The Japanese Urological Association (JUA) has previously published ‘General Rules for Clinical and Pathological Studies on Bladder Cancer’, with several revisions, but this is the first edition of their Clinical Guidelines for the Management of Bladder Cancer.
Internationally, a number of guidelines related to bladder cancer have been published, including those by the National Comprehensive Cancer Network (NCCN), the National Cancer Institute (NCI), Physician Data Query (PDQ), the American Urological Association (AUA), and the European Association of Urology (EAU). The diagnosis, classification and treatment of bladder cancer in Japan have been conducted in accordance with the JUA ‘General Rule’, based on the overseas guidelines. However, it has been pointed out that the recommended options based on overseas guidelines and other references are not always suitable for Japanese clinical practice, with some medications and therapeutic equipment not licensed for use in Japan. As the reader will understand after referring to the reference list for these Guidelines, a relatively large number of clinical trials has been conducted in Japan in the field of bladder cancer, and hence the JUA considered it appropriate to formulate their own guidelines.
In general, when formulating clinical guidelines, it is normal to classify disease according to patient risk. The tumor-nodes-metastasis classification (TNM) and American Joint Committee on Cancer (AJCC) classifications are widely used worldwide, but a number of different, more detailed, classifications of risk have been proposed internationally, with no general consensus at present. For example, it would be rather pointless to propose one's own risk classification of non-muscle-invasive bladder cancer (NMIBC), based on Western guidelines, without sufficient clinical trial data for support. The challenge for us now is to produce a new risk classification based on a meta-analysis of the results of multiple clinical trials. The risk classifications contained in the clinical questions (CQ) and their answers in these Guidelines will therefore differ somewhat from the references on which they are based. However, we have followed the general worldwide consensus for NMIBC, recommending that the low-risk group receive one instillation of chemotherapy, the intermediate-risk group receive multiple instillations of chemotherapy or bacillus calmette-guérin (BCG), and the high-risk group receive either intravesical BCG immunotherapy or total cystectomy.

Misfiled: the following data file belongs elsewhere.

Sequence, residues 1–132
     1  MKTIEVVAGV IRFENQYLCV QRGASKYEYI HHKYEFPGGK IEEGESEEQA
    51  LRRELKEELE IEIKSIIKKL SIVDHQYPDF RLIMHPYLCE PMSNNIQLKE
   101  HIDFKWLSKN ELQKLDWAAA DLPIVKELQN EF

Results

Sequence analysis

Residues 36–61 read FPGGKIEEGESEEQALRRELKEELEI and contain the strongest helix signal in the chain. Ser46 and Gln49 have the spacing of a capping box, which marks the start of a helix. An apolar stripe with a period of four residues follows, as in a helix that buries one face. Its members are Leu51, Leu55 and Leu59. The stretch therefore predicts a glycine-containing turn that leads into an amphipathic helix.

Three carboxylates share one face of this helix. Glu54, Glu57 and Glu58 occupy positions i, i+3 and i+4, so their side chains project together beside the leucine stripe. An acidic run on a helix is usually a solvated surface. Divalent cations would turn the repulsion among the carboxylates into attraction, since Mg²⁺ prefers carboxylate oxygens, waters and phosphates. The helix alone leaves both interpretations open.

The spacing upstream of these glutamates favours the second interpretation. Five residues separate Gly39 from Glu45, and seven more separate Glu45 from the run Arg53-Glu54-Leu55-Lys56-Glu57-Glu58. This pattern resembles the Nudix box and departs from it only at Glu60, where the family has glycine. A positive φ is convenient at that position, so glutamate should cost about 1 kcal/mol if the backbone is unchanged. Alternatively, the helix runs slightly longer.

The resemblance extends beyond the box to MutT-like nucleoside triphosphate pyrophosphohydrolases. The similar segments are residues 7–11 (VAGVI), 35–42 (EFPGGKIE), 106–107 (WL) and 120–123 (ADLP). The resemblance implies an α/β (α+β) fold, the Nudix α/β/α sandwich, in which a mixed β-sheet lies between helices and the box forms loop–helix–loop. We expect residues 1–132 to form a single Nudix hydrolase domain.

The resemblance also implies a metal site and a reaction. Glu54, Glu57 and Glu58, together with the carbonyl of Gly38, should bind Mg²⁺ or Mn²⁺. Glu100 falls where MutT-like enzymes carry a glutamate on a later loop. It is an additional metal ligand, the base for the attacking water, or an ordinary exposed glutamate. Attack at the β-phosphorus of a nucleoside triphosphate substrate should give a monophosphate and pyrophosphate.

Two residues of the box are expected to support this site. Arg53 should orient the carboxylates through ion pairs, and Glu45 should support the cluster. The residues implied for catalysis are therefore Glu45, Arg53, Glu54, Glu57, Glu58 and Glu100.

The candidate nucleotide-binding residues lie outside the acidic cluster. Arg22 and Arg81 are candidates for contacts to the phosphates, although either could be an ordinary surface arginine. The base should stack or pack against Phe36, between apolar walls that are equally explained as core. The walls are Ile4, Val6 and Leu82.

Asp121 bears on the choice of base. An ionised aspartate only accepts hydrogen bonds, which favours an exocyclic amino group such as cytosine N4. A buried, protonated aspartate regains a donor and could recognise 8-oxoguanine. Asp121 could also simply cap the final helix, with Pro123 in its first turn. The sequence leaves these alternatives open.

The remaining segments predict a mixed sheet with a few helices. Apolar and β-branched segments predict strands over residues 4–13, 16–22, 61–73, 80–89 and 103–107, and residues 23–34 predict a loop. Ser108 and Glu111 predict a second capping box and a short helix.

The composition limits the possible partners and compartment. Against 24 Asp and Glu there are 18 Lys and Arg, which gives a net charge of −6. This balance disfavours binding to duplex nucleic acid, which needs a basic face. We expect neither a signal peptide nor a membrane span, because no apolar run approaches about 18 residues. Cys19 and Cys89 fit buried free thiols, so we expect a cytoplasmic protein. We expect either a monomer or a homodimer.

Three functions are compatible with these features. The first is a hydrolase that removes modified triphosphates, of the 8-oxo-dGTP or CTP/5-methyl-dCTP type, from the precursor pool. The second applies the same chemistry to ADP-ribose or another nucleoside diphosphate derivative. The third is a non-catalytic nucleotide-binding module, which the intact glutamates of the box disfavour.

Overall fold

These Guidelines present an overview of bladder cancer at each clinical stage, followed by CQ that address problems frequently faced in everyday clinical practice. We tried to provide as broad an exposition of each CQ topic as possible, and refer to as many related areas as we could, but considering the nature of these Guidelines it is extremely difficult to cover every specific circumstance in a satisfactory manner. In the future, we plan to revise these Guidelines at appropriate intervals, incorporating the opinions of specialists working in the field, adding new medications as they come to light, and adding data from relevant clinical trials.
In this abridged English version, due to space constraints, we have abridged each overview, and summarized each CQ and its answer. We have included only those references we considered of particular importance. The reference numbers have been changed to be consecutive for the English version, and will differ from the original Guidelines.